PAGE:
Five commercial endodontic sealers were used in the study, namely RoekoSeal, Endomethasone N, N2, Apexit Plus and AH Plus. Three sets of 6 samples were prepared from each material as follows: (a) without antimicrobial agent, (b) with 2% (w/w) CPC and (c) with 2% (w/w) BC. All of the materials were tested at three time intervals, namely after 2 days, after 7 days and after 21 days of incubation.

Specimen preparation

Samples were prepared by mixing the components according to the manufacturers’ instructions. The samples with antimicrobial agents were prepared by mixing 2% by mass of the antimicrobial (CPC or BC, respectively) into the newly mixed cement. The paste was then placed in metal molds of dimensions: 6 mm (height) by 4 mm (diameter). The molds were closed by metal plates on both sides and clamped. The molds were placed in an incubator at 37 °C for 24 h and the specimens allowed to set.

Microbiological analysis

The agar diffusion method was used for the determination of the inhibitory effect of the specimens on 3 different test strains: S. mutans – ATCC 25175, L. casei – ATCC 4646 and A. viscosus – ATCC 19246 (manufactured by American Type Culture Collection, Manassas, VA, USA).

The bacterial strains were inoculated into BHIB (Brain Heart Infusion Broth, Oxoid, Wesel, Germany) and incubated in an anaerobic atmosphere at 37 °C for 48 h. From the bacteria grown in the liquid medium, the density of the inoculum was set to be equivalent to the McFarland 2 standard. Then, in previously marked Shaedler agar with addition of sheep blood (Schaedler + SB, Oxoid, Wesel, Germany), 350 μL of the bacterial suspension were inoculated.

After the inoculation, and a subsequent period of 15 min for absorption of the bacterial suspension by the agar plate; sterile plastic tubes were used to create wells (3 mm depth and 3.5 mm width) into the agar plate. A total of 7 wells were prepared on each dish, 6 along the perimeter and one in the center. The distance between the wells was 30 mm, and the distance between the wells and the dish wall was 15 mm. Then, the specimens were carefully placed in the wells with sterile tweezers, so that they would have close contact with the agar. The Petri dishes were left for 30 min at room temperature, and incubated anaerobically at 37 °C for 48 h. The anaerobic atmosphere for cultivation was produced by anaerobic pots, with an atmosphere of 10% of carbon dioxide and 90% of nitrogen, employing an anaerobic system (Microbiology Anaerocult A, MERCK, Darmstadt, Germany).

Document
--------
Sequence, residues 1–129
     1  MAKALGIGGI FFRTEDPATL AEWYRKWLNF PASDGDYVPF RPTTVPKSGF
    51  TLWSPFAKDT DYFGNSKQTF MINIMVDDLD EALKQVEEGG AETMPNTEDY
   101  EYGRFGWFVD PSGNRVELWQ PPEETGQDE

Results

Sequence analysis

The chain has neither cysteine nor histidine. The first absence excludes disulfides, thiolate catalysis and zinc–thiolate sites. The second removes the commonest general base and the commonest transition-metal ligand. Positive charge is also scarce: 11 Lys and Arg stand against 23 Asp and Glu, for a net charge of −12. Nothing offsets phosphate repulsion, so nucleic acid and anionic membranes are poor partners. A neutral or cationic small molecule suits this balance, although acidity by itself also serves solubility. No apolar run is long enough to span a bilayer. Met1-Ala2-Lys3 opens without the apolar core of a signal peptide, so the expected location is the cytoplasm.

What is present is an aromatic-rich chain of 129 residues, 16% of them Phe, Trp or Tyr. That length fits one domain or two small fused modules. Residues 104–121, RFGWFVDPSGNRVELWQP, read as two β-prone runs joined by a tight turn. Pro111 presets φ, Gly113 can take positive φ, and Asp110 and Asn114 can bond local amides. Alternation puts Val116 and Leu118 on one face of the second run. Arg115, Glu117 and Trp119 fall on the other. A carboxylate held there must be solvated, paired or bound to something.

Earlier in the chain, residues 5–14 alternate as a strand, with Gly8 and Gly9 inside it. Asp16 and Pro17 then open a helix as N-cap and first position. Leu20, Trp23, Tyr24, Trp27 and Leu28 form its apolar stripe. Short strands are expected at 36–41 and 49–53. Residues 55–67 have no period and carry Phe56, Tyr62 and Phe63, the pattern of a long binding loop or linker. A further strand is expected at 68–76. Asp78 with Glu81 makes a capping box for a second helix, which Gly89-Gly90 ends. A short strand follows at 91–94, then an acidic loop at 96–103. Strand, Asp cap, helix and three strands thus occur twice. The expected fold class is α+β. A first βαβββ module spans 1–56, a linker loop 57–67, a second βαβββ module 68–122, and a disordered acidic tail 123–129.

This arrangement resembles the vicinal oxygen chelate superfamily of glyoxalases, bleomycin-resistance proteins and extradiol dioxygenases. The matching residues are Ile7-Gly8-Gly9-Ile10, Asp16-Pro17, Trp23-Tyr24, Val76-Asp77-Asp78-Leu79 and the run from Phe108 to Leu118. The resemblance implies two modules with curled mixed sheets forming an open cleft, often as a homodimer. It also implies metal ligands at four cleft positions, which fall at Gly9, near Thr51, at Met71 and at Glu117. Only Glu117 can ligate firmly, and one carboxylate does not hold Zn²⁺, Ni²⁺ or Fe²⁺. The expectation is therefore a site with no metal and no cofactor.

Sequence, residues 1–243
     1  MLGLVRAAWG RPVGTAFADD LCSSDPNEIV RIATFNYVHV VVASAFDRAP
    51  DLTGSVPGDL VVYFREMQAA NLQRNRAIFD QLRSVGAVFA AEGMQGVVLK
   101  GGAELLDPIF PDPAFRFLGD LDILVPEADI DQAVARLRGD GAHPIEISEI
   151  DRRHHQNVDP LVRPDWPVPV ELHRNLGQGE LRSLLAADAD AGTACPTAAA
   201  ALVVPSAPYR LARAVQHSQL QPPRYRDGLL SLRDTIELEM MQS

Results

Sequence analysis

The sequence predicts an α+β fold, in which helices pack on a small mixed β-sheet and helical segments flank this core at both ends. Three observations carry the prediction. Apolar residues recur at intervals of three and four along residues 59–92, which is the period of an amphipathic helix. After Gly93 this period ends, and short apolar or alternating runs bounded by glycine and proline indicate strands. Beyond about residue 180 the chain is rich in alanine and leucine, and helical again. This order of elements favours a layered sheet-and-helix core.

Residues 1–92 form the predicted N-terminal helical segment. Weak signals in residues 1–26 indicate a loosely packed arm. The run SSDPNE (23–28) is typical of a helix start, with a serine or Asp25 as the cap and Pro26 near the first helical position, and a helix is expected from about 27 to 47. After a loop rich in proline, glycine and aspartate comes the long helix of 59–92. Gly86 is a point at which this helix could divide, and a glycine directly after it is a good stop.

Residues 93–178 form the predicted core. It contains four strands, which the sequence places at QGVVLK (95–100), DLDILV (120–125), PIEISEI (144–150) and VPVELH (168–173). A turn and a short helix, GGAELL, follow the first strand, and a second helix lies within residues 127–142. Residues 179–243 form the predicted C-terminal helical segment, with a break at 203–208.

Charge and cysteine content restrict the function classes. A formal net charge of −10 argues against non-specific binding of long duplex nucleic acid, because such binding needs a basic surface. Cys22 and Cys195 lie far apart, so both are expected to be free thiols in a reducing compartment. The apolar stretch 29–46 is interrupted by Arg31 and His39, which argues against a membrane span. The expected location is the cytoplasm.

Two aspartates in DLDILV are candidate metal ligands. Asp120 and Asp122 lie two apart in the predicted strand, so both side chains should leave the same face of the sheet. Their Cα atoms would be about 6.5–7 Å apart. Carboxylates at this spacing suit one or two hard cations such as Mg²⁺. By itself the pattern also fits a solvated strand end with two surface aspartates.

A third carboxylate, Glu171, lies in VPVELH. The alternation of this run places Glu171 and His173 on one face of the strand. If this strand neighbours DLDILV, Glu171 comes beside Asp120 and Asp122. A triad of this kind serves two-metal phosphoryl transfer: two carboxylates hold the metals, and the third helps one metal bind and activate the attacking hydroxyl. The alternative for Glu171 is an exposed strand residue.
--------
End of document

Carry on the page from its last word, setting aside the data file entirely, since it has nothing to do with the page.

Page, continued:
After 48 h from the incubated growth media, the inhibition zones were read and marked, then the specimens for 7 and 21 days testing were transferred onto fresh spread growth media, as described above, and incubated under the same conditions. After 7 days, the inhibition zones were read and marked again, and the specimens for 21 day testing were transferred onto fresh spread growth media and incubated in the anaerobic pot until the 21st day, when the last measurements were made.

The inhibition zone was determined by measuring its diameter (mm). The size of the inhibition zone included the diameter of the specimen (4 mm). The measurements for each specimen were done in two perpendicular directions, and the mean values calculated. Integer values in millimeters were read, and in cases when the width of the inhibition zone was between two integers, the smaller integer value plus 0.5 mm was entered.

Statistical analysis was performed by One-way ANOVA followed by Post hoc-Tukey honest significant difference (HSD) test.

Results

Fig. 1 shows the inhibition zone after removal of the specimen. At 2 days, the highest antimicrobial effect on S. mutans ( Graph 1 ) was shown by N2. Of the additives, BC had greater antimicrobial effect on S. mutans than CPC. Generally, there was a gradual decline in the inhibitory levels over time. There were small inhibition zones in Apexit Plus, AH Plus and RoekoSeal after 2 days without the addition of antimicrobial agent and none after 7 and 21 days; however the inhibition zones were larger when antimicrobials were added.

Nov 28, 2017 | Posted by in Dental Materials | Comments Off on Incorporation of antimicrobial agents can be used to enhance the antibacterial effect of endodontic sealers